Format

Send to

Choose Destination
Cell Mol Gastroenterol Hepatol. 2019 May 7;8(2):197-207. doi: 10.1016/j.jcmgh.2019.04.013. [Epub ahead of print]

Pathophysiology of Cystic Fibrosis Liver Disease: A Channelopathy Leading to Alterations in Innate Immunity and in Microbiota.

Author information

1
Section of Digestive Diseases, Yale Liver Center, Department of Internal Medicine, Yale School of Medicine, New Haven, Connecticut. Electronic address: romina.fiorotto@yale.edu.
2
Section of Digestive Diseases, Yale Liver Center, Department of Internal Medicine, Yale School of Medicine, New Haven, Connecticut.

Abstract

Cystic fibrosis (CF) is a monogenic disease caused by mutation of Cftr. CF-associated liver disease (CFLD) is a common nonpulmonary cause of mortality in CF and accounts for approximately 2.5%-5% of overall CF mortality. The peak of the disease is in the pediatric population, but a second wave of liver disease in CF adults has been reported in the past decade in association with an increase in the life expectancy of these patients. New drugs are available to correct the basic defect in CF but their efficacy in CFLD is not known. The cystic fibrosis transmembrane conductance regulator, expressed in the apical membrane of cholangiocytes, is a major determinant for bile secretion and CFLD classically has been considered a channelopathy. However, the recent findings of the cystic fibrosis transmembrane conductance regulator as a regulator of epithelial innate immunity and the possible influence of the intestinal disease with an altered microbiota on the liver complication have opened new mechanistic insights on the pathogenesis of CFLD. This review provides an overview of the current understanding of the pathophysiology of the disease and discusses a potential target for intervention.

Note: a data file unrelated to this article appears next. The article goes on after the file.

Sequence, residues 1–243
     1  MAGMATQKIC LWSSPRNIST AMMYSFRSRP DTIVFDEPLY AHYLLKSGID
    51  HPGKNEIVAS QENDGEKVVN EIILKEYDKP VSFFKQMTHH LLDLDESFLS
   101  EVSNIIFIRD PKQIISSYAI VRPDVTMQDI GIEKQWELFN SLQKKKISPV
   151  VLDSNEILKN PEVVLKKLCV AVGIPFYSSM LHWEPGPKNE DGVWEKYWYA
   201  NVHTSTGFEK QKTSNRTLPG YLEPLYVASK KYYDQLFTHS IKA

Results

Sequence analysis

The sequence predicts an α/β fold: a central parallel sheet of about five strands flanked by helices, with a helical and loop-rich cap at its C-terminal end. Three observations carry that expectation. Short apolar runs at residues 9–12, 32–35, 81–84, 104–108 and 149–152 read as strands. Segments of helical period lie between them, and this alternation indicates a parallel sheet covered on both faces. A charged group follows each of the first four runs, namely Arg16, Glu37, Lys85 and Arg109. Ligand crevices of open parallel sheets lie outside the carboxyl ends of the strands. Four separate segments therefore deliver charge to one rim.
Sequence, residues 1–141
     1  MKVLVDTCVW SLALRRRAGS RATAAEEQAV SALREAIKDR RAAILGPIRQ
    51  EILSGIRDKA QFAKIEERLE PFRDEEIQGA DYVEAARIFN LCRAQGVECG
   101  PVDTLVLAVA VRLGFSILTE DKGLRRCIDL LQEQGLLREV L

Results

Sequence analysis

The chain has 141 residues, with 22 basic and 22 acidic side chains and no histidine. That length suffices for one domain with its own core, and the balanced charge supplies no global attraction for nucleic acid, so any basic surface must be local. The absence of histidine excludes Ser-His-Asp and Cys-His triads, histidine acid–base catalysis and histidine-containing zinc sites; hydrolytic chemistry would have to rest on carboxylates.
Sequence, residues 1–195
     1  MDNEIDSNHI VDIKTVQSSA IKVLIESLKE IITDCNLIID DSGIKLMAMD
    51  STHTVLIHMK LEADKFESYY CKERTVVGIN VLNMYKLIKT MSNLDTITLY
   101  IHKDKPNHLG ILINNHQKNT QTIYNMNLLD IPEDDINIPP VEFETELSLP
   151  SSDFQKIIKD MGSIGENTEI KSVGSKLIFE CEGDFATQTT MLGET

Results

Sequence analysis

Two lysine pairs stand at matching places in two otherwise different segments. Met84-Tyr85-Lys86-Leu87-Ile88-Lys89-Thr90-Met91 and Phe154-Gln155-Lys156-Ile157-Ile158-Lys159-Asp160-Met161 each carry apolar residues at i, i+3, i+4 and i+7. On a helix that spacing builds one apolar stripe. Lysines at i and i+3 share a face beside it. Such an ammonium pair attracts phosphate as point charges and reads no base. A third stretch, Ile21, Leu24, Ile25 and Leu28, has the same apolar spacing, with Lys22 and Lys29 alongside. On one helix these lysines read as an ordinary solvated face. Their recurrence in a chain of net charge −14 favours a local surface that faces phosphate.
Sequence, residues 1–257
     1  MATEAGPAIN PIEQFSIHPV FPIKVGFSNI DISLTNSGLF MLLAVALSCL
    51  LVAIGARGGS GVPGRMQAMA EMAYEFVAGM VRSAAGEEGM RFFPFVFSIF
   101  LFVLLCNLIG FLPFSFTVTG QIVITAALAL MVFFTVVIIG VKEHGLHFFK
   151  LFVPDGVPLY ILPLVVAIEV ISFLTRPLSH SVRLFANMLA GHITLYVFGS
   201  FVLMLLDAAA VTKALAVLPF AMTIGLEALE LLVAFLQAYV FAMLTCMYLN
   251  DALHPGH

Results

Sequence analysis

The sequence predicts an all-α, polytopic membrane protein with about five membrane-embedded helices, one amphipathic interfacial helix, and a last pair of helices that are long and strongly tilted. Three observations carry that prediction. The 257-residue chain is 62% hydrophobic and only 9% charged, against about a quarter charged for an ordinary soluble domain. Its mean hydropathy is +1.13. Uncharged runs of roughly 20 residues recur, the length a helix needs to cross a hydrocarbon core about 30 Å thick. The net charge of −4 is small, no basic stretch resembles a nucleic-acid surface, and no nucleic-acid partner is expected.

KEYWORDS:

CFTR; Inflammation; Modulators; Toll-Like Receptor 4; cholangiocyte; gut

Supplemental Content

Full text links

Icon for Elsevier Science Icon for PubMed Central
Loading ...
Support Center